Graduate Theses & Dissertations

To be kind or not to be kind
Past research suggests that students who are more academically resourceful tend to attain higher grades and feel more socially and academically adjusted at university. These same studies also show that students’ general resourcefulness and academic self-efficacy are strong, positive and direct predictors of their academic resourcefulness. My thesis expands upon this line of research by investigating the six dimensions of self-compassion (i.e., self-kindness, common humanity, mindfulness, self-criticism, isolation, over-identification) within the framework of the academic self-control model. In Study 1, a mixed methods approach was used, whereby after completing a measure on general learned resourcefulness, 20 students were interviewed to describe in detail their experiences with academic success and failure. Across the continuum of resourcefulness, interviews were analyzed for usage of self-compassion, academic resourcefulness, and explanatory style. Four themes emerged illustrating, compared to the highly resourceful students, the less resourceful students demonstrated fewer instances of academically resourceful behaviour, believed academic successes should require little effort, focused on the product of getting a high grade versus the process, and were less socially adjusted and mindful, and more isolated, ruminative, and overly self-critical when describing academic disappointments. Study 2 employed a correlational design to examine the relationships between the dimensions of self-compassion and the variables of the academic self-control model, with a sample of 196 students. As expected, the six dimensions of self-compassion were more strongly related to general resourcefulness than academic resourcefulness, with mindfulness and common humanity being unique predictors of the former variable. The contribution of the six dimensions to academic resourcefulness was shared with general resourcefulness and academic self-efficacy. The bivariate relationships between the dimensions of self-compassion and students’ grades were largely non-significant. Two dimensions uniquely predicted students’ adjustment to university – isolation and common humanity – alongside general and academic resourcefulness. In summary, the dimensions of self-compassion uniquely related to the more general measures of the model. Future research should explore the usefulness of an academic-specific measure of self-compassion in the prediction of academic resourcefulness, explanatory style, and grades. Whether including training on how to be more self-compassionate, in conjunction with teaching resourcefulness strategies, is beneficial for students is discussed. Author Keywords: academic resourcefulness, adjustment, explanatory style, general learned resourcefulness, self-compassion, self-efficacy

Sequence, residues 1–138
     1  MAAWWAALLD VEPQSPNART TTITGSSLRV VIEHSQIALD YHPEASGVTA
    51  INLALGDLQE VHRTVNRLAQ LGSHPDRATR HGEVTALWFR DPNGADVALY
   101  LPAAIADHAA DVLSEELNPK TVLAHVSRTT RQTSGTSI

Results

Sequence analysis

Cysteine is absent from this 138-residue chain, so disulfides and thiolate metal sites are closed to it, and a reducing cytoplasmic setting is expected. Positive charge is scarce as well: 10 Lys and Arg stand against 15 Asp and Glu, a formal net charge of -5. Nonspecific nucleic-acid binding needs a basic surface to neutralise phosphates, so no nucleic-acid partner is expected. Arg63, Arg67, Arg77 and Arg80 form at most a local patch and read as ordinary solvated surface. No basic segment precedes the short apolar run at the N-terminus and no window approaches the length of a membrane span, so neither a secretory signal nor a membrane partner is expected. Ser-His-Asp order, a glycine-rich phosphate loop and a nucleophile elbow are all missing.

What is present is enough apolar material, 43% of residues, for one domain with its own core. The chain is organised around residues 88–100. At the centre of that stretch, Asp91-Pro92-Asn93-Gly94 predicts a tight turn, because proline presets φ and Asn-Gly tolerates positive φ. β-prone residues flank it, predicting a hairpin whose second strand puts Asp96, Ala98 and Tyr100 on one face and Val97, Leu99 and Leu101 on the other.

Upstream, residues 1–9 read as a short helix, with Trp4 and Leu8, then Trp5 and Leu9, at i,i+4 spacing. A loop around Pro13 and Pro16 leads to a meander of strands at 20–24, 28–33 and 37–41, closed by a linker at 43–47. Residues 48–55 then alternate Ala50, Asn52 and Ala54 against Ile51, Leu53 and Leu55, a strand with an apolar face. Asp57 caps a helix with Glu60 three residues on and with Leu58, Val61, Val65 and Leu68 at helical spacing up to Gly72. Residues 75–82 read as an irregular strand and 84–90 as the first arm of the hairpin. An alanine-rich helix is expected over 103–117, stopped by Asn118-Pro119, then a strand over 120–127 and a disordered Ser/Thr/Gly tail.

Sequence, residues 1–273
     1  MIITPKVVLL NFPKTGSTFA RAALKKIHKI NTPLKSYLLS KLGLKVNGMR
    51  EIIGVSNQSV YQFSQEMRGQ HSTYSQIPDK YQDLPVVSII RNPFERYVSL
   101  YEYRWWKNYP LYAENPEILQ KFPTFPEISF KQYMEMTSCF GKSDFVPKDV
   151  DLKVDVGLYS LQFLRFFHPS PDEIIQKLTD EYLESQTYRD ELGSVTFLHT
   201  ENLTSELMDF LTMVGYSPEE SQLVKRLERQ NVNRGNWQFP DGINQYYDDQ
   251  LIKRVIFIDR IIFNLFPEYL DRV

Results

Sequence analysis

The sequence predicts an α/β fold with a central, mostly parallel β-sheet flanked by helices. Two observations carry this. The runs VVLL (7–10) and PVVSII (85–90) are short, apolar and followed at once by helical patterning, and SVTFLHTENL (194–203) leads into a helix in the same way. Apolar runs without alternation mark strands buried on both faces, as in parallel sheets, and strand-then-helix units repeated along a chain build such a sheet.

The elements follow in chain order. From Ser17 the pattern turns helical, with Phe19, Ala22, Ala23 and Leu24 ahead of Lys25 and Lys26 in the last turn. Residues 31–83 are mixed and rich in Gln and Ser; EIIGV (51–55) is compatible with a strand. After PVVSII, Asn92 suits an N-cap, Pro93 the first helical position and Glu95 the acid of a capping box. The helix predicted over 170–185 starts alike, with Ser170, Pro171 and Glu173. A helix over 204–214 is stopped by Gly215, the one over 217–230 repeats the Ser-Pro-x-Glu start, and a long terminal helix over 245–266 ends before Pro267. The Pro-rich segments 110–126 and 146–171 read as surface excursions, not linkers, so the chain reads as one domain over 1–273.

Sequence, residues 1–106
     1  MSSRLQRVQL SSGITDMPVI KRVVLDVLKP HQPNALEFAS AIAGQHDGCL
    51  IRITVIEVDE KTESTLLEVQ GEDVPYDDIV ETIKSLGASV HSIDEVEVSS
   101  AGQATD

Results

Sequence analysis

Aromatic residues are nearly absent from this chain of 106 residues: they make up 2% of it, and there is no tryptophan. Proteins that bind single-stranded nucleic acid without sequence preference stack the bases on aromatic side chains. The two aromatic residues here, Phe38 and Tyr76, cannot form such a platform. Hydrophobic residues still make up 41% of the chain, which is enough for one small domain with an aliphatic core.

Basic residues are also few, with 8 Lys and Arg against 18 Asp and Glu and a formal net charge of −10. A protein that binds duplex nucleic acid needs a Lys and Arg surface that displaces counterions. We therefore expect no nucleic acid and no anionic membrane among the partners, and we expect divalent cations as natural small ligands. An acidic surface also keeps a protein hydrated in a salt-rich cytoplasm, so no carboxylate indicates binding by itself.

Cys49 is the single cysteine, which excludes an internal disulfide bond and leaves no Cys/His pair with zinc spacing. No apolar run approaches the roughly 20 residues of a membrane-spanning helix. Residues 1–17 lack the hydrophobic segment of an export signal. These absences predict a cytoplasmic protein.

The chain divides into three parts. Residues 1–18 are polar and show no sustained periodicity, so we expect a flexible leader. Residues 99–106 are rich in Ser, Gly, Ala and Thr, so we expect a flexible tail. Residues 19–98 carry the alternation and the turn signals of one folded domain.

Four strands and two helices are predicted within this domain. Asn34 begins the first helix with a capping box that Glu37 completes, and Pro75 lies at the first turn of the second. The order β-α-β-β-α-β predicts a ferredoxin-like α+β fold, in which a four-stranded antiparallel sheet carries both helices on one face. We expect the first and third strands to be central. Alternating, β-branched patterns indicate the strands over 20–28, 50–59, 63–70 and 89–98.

"TOUGH BUT NECESSARY"? AN ANALYSIS OF NEOLIBERAL AND ANTI-FEMINIST DISCOURSES USED IN THE ELIMINATION OF THE NEW BRUNSWICK ADVISORY COUNCIL ON THE STATUS OF WOMEN
This study demonstrates that the New Brunswick government rationalized the 2011 elimination of the New Brunswick Advisory Council on the Status of Women (NBACSW) by discursively framing it as a duplication of services and as a non-essential service. The study relies on interviews with women who had been involved with the NBACSW, as well as literature about the use of neoliberal and anti-feminist discourses at the national level. I argue that the two rationalizations offered by the New Brunswick government rely on similar neoliberal and anti-feminist discourses to those used at the national level to eliminate women's institutional machinery and thus diminish women's capacities for advocacy and political representation. I argue that this discursive move positioned the province's largest women's advocacy group as an impediment to the common good of the province and as a threat to "Ordinary New Brunswickers," signalling a negative step for women in the province. Author Keywords: Anti-feminist backlash, Canadian Feminism, Canadian Women's Movements, Discourse Analysis, Neoliberalism, New Brunswick
Commonality of Enemies
Carlism and anarchism were revolutionary social movements that acquired significant popular support during the most intensive period of modernization in Spain (mid 19th to mid 20th centuries). It was noted but not well explored by contemporaries and historians that these enemies were similar in their hostility towards modernization and in their intense idealism. This thesis compares the two movements in order to determine the nature of their commonality and what this suggests about ideological enemies. A range of sources were consulted, including scholarship on modern Spain, biographical information on individuals who converted from Carlism to anarchism and contemporary print media. It was concluded that they were produced by the same destabilizing processes of disentailment and industrialization, which drew the working classes towards proposals that would have otherwise seemed implausibly utopian. The thesis further suggests that they were uniquely idealistic, in that they put moral integrity before the success of their cause. Author Keywords: anarchism, Carlism, enemy other, modernization, Modern Spain, social movements

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